U.S. Highway 20 is Idaho’s gateway to Yellowstone National Park. This important thoroughfare for both Idahoans and tourists alike bisects a wildlife-rich area that provides important habitat and migration routes for Yellowstone’s wildlife. Without the implementation of specific measures to protect people and wildlife from highway collisions on Targhee Pass (near Island Park), both the motorists and the wildlife will pay the price.
Take Action Now!
The Idaho Department of Transportation (ITD) wants your input on the Targhee Pass Environmental Assessment (EA). Alternative #2 of the EA includes the construction of wildlife overpasses and fencing on Targhee Pass. Please ask ITD to choose to implement Alternative #2 – the alternative that reduces wildlife collisions by more than 80% – so that we can keep our roads safe for vehicles and wildlife. Through our partners at the Greater Yellowstone Coalition, you can easily submit a comment online. Comments will be accepted until Feb. 1, 2019.
Wildlife and Highway 20
Given Highway 20’s proximity to the western side of Yellowstone National Park, it should come as no surprise that the region is teeming with wildlife. In fact, this section of Highway 20 has been identified by Idaho Fish and Game (IDFG) as a priority area for wildlife migration because of the safety issues caused by wildlife-vehicle collisions with elk, deer, bison, moose, bears, antelope and wolves. The Sand Creek, Blacktail and Madison elk herds all cross Highway 20 to get to their winter ranges. If they can’t cross the highway, we could eventually lose these important herds.
Collisions between cars and wildlife threaten human and vehicle safety, disrupt animal migrations, and injure/kill wildlife in the Greater Yellowstone Ecosystem, one of the largest intact temperate ecosystems in the world. Almost 20% of accidents on this section of Highway 20 between 2010 and 2014 were wildlife-vehicle collisions (WVCs). According to IDFG, "these statistics are remarkable because US 20 is a major freight corridor … and wildlife collisions with heavy trucks are less likely to be reported." (Targhee Pass EA Wildlife Technical Report). This report goes on to conclude, "the best performing tools to reduce WVCs include wildlife crossing structures accompanied by fence …"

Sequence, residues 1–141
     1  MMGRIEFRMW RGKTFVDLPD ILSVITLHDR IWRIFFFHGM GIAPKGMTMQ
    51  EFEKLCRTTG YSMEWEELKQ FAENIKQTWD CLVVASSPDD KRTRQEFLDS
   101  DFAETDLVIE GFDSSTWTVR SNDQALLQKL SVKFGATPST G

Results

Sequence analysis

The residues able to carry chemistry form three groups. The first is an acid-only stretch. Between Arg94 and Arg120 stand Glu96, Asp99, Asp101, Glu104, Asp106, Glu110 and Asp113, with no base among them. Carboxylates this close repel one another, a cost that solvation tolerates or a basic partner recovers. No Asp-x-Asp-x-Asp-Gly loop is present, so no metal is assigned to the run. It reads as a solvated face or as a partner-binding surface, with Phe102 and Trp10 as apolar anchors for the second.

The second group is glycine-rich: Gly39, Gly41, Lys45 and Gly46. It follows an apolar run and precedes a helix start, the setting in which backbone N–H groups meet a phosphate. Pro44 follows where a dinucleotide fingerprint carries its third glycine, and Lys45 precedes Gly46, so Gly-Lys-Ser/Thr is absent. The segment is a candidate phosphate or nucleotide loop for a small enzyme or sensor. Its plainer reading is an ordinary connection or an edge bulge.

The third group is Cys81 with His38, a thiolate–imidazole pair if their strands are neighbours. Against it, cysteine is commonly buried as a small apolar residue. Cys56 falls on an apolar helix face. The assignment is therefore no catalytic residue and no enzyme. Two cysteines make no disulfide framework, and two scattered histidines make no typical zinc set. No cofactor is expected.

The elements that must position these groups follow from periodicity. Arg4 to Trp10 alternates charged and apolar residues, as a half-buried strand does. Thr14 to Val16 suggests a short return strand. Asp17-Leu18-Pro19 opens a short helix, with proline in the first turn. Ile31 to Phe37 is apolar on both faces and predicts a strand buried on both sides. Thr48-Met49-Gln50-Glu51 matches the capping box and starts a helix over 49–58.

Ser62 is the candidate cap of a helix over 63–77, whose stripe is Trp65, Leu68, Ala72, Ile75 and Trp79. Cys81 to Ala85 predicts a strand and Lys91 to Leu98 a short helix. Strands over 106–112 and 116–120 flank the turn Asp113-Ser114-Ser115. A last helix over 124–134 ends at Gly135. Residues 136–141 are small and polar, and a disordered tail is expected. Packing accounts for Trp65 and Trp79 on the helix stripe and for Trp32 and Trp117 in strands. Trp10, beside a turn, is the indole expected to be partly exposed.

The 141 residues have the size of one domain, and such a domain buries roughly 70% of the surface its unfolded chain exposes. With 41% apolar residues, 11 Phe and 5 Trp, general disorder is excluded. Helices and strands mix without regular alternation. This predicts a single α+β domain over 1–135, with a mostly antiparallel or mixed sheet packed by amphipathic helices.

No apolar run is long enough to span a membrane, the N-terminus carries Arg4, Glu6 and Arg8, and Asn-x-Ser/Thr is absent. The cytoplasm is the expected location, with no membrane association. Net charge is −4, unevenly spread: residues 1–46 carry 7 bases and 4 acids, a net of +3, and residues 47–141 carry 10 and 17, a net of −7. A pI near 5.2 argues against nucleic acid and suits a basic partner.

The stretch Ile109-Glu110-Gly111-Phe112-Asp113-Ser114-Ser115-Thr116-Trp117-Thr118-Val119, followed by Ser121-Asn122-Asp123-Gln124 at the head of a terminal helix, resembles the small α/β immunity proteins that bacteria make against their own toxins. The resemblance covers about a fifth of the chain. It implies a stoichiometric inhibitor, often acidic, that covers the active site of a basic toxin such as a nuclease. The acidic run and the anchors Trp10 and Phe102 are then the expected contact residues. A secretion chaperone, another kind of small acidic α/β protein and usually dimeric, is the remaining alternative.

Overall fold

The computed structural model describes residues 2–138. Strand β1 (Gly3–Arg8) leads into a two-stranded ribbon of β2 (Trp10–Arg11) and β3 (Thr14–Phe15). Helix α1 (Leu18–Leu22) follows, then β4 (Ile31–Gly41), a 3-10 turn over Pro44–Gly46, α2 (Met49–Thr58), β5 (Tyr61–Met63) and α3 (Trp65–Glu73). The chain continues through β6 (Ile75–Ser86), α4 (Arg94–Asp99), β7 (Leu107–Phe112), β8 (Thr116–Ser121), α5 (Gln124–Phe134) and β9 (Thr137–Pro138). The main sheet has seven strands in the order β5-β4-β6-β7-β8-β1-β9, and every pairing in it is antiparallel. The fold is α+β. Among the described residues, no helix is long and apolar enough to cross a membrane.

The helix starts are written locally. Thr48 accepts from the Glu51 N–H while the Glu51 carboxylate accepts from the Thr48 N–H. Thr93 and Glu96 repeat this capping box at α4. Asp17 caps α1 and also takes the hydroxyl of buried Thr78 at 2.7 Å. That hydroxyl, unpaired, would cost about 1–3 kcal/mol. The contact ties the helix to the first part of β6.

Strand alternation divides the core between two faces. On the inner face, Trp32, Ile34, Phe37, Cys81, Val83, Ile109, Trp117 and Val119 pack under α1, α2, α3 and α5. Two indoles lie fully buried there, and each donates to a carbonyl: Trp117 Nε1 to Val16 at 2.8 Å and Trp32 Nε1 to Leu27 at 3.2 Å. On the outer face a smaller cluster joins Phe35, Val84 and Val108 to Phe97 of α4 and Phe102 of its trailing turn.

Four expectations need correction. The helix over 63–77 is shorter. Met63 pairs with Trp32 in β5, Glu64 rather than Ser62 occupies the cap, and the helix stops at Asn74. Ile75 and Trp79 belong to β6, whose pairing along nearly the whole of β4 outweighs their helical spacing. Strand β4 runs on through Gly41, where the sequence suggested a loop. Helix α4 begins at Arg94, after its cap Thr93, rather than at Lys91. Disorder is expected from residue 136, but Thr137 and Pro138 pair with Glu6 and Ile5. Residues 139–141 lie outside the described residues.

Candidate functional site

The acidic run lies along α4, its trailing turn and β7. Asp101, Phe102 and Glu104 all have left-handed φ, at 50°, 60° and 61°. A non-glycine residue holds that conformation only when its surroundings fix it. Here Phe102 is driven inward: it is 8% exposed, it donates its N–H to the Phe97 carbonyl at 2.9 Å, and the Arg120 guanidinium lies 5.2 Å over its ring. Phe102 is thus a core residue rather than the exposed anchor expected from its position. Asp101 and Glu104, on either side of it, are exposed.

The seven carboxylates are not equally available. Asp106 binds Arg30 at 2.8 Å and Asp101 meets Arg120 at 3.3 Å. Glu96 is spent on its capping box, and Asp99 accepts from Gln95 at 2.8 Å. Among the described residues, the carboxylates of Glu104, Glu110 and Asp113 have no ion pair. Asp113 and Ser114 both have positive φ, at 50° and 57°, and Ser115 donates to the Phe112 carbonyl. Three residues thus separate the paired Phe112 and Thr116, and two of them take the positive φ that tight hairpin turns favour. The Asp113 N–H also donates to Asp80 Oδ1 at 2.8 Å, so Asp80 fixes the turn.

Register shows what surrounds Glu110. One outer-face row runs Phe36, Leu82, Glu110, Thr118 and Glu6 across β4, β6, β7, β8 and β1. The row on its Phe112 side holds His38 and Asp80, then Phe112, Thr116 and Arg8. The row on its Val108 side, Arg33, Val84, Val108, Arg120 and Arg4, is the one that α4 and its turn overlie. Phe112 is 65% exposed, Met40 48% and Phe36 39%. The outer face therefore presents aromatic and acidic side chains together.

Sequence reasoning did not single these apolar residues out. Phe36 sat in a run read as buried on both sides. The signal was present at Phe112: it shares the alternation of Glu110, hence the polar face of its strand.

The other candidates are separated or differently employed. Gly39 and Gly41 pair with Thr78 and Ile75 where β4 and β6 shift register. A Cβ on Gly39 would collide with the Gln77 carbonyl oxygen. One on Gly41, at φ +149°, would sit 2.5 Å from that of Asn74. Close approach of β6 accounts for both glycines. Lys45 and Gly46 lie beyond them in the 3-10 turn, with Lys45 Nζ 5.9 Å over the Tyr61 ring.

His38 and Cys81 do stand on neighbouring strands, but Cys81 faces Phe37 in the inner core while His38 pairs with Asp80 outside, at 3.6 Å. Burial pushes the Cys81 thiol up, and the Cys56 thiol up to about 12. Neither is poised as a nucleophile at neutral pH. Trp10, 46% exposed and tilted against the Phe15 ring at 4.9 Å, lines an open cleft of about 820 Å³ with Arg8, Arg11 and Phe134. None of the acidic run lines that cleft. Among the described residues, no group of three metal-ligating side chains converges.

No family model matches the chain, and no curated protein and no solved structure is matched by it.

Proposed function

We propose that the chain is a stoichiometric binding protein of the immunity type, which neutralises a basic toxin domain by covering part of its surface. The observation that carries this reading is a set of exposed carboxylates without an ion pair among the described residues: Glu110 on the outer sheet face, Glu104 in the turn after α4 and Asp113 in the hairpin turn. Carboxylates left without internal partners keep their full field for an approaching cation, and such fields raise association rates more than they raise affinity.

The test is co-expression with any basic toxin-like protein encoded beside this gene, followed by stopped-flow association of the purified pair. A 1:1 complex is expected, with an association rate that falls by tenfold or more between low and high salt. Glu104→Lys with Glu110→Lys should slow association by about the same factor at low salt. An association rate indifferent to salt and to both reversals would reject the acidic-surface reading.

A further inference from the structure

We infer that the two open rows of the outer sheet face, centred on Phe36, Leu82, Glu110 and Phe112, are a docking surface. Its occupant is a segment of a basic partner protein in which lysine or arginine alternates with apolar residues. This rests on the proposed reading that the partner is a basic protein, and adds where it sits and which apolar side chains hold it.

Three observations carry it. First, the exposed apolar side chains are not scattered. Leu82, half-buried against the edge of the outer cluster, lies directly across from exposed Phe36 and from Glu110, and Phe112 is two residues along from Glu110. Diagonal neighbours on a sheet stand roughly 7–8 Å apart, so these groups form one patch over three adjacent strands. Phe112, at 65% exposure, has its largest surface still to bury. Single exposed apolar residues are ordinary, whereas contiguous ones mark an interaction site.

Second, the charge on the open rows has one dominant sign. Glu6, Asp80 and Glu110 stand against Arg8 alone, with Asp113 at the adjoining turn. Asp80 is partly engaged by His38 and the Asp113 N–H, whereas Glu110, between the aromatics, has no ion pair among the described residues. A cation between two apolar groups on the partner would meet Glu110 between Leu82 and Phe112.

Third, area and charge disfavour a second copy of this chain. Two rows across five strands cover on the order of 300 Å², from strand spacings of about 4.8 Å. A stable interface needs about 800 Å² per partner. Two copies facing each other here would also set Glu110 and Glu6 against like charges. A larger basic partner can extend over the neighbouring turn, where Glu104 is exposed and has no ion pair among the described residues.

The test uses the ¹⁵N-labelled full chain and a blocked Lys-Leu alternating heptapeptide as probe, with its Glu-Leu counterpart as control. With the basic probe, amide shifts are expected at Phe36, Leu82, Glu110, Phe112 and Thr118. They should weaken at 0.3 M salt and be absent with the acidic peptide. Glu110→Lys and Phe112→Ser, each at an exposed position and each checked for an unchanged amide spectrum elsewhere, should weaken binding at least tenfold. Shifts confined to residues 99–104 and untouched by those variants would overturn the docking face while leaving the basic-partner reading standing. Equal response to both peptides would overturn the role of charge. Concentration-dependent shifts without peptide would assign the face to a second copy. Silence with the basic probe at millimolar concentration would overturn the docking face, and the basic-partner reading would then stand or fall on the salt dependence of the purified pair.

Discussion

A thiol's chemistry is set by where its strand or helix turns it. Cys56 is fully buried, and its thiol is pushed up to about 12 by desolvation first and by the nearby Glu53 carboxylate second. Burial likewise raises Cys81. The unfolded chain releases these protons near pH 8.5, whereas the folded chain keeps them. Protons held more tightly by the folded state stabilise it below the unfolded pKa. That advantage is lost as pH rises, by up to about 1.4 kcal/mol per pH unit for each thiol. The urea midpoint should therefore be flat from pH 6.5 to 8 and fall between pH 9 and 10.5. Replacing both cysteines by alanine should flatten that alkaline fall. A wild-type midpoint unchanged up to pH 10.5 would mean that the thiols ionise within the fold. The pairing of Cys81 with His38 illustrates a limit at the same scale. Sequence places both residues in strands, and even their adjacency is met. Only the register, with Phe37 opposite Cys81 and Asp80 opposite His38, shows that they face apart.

Alternative #2 Is the Right Choice
The Environmental Assessment (EA) for the Targhee Pass project, which will reconstruct the roadway in that area, was released this January. ITD’s own study shows that Alternative #2, which includes fencing and three wildlife crossings, clearly works: it improves driver safety, allows animals to migrate across the highway, and is cost effective over the long run. If wildlife fencing were used, ITD would preserve pedestrian and vehicle access to public and private lands.
Based on ITD’s analysis, Alternative #2 is clearly the alternative that best meets the purpose and need of the Targhee Pass project to improve driver’s safety and allow for safe wildlife movement.
ITD’s preferred alternative (Alternative #3) includes an animal detection system, but does not include wildlife crossings or fencing to physically prevent wildlife from entering the roadway. The best available science shows that the effectiveness of animal detection systems for reducing wildlife-vehicle collisions varies wildly (33%-97%). The higher effectiveness rates are only reached by using the detection system in conjunction with other methods, such as wildlife fencing. Moreover, these systems are costly to maintain and only last for about 10 years.
We all want safe roads and healthy animals. So speak up to ITD and support Alternative #2!